Such tradition-historical investigations were already beginning to be incorporated in Gunkel’s own work (as with the earlier example, for instance); they were developed further by Gunkel’s close form-critical associate, Hugo Gressmann (1977–1927), in his study of the development of the Moses traditions. Gressmann systematically stripped away the layers of the Moses story in Exodus—Numbers, identifying the individual traditions at the base of the overarching narrative, though he refrained from any attempt to reconstruct the development of the text. Gunkel and Gressmann, in their concentration on the pre-literary history of the biblical text, prepared the way for the two giants of tradition-historical criticism, Gerhard von Rad (1901–1971) and Martin Noth (1902–1968).

Von Rad and Noth.

The fundamental flaw that von Rad identified in Gunkel’s work was that while it highlighted the diversity of materials evident in the biblical text it did not sufficiently explain how it was that these materials had come together to form narratively and theologically sophisticated overarching compositions. Von Rad therefore suggested that through a lengthy process of accretion of traditions the basic outline of Israel’s early history, from the patriarchs through the conquest of Canaan, had already taken shape by the time the Pentateuchal authors began writing. The evidence for this, according to von Rad, was the existence of the “historical credo” in Deuteronomy 26:5–9 and Joshua 24:2–13, which recounts in brief and stereotypical form the outline of the traditional narrative. Following this basic pattern, and incorporating numerous other secondary traditions, the Pentateuchal authors created their major literary works, beginning most importantly for von Rad with the Yahwist (J), who was the first to incorporate the Sinai event into the traditional outline.

Although von Rad suggested quite specific cultic backgrounds for both the “historical credo” and the Sinai event, for the most part he left the details of the formative process that led to the traditional outline unexamined, noting only that there must have been such a process, and that it was entirely an oral one. He did, however, formulate what may be the guiding dictum for all subsequent tradition-historical investigations: “None of the stages in the age-long development of this work has been wholly superseded; something has been preserved of each phase, and its influence has persisted right down to the final form of the Hexateuch” (Rad 1966, p. 78).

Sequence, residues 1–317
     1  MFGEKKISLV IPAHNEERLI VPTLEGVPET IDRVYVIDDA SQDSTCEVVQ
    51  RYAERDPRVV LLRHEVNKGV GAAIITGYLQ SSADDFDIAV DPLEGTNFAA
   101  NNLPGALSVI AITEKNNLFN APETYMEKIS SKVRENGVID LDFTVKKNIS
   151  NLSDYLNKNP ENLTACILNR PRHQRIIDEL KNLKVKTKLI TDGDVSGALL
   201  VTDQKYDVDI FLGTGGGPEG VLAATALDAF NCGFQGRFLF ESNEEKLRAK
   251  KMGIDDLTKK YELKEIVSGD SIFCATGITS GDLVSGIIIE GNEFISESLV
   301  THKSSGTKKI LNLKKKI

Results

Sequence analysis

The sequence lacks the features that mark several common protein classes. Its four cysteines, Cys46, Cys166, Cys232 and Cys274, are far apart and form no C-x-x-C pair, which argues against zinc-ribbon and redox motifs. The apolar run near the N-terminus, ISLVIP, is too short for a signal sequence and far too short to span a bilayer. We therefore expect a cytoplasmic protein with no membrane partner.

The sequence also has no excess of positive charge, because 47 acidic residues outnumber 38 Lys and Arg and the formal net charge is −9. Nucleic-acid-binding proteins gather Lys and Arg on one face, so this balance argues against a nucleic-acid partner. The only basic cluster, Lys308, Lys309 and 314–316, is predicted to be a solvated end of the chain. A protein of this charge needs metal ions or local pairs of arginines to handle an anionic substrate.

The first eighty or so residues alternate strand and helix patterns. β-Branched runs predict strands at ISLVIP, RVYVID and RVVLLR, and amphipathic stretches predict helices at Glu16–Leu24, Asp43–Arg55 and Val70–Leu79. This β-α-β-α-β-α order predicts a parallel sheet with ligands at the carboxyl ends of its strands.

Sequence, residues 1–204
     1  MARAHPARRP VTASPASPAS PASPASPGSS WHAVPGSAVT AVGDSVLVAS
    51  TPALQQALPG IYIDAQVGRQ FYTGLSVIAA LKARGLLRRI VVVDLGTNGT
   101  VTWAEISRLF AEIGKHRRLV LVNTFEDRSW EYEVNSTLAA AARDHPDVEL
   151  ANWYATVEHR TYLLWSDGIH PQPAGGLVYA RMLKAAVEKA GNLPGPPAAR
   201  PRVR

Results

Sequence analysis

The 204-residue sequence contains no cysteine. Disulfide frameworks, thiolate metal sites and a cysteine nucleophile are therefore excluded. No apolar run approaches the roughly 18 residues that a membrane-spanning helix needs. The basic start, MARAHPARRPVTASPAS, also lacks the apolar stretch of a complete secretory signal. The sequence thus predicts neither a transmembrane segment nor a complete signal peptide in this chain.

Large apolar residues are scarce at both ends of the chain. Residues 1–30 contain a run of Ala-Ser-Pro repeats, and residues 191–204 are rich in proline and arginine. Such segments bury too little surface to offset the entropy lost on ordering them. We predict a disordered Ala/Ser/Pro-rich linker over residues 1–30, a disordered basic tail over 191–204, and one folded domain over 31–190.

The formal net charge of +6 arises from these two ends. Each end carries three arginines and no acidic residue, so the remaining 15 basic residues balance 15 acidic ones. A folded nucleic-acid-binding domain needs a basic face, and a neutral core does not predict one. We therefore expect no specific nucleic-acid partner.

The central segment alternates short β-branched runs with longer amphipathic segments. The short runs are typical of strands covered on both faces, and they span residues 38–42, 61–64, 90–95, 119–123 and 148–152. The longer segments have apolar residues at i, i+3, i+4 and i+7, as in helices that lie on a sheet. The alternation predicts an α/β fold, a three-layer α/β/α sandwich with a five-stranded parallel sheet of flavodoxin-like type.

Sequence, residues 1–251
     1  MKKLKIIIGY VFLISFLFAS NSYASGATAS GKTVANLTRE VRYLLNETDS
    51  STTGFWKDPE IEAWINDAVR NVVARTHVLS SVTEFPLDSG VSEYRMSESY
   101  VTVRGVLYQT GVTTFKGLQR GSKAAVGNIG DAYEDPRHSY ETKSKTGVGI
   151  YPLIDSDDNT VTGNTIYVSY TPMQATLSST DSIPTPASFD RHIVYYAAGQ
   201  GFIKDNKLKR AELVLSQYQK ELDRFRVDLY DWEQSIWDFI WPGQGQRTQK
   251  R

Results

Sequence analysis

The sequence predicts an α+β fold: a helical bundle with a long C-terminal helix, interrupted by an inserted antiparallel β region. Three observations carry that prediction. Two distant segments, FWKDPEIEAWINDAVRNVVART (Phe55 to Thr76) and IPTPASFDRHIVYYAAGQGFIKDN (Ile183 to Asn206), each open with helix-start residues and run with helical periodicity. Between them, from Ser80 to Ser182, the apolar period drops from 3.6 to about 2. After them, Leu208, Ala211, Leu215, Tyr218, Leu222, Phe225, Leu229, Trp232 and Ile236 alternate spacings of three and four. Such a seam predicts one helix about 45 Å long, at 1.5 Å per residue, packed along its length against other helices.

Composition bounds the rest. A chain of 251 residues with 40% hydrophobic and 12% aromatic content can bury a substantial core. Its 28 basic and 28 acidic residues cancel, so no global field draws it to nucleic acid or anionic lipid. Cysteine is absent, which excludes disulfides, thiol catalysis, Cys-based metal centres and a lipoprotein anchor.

It is the challenge to scholarship implicit in von Rad’s classic dictum that was taken up by Noth. In his book on the tradition history of the Pentateuch, Noth attempted to provide a nearly complete picture of the growth of the Pentateuchal traditions. He began by isolating the “major themes” present in the text, taking his cue from von Rad’s study of the historical credo: guidance out of Egypt, guidance into the arable land, promise to the patriarchs, guidance in the wilderness, and revelation at Sinai. It will be noted that these are set not in the order in which they appear in the canonical text, but in what Noth perceived to be their tradition-historical chronology, from earliest to latest. To these basic themes were added numerous additional traditions, often independent and with their own lengthy pre-histories; these elements served to elaborate on the major themes, to give them particular shape and invest them with detailed specificity. For example, the major theme of the patriarchs, according to Noth, originally centered on the figure of Jacob (Israel), which was filled out with the various traditions about Abraham and Isaac. The Jacob tradition, for its part, was not of a single piece, but was rather the combination of several independent Jacob stories (and so, mutatis mutandis, for the Abraham and Isaac traditions).

These sundry traditional materials, both major and minor, were joined together by a variety of mechanisms. Episodes that once described anonymous groups or individuals were secondarily associated with specific figures who operated across traditional boundaries; perhaps Noth’s most striking contention in this regard was that the protagonists of the Exodus story were originally the unnamed elders, and that the thorough introduction and integration of Moses is a later tradition-historical development. Entire episodes could be adopted or even newly fashioned so as to link major complexes; here the Joseph story, which links the patriarchal traditions to those of the Exodus, is an easy example. Genealogical relationships were created to connect traditionally independent figures; thus Abraham, Isaac, and Jacob were construed as related so as to bring together local ancestral traditions. Travel itineraries were inserted to bridge once-independent episodes into a geographical and chronological continuum; for example, the Korah story of Numbers 16–17, originally construed, according to Noth, without any specific location, was set in the wilderness of Sin to bring it into line with the overarching narrative.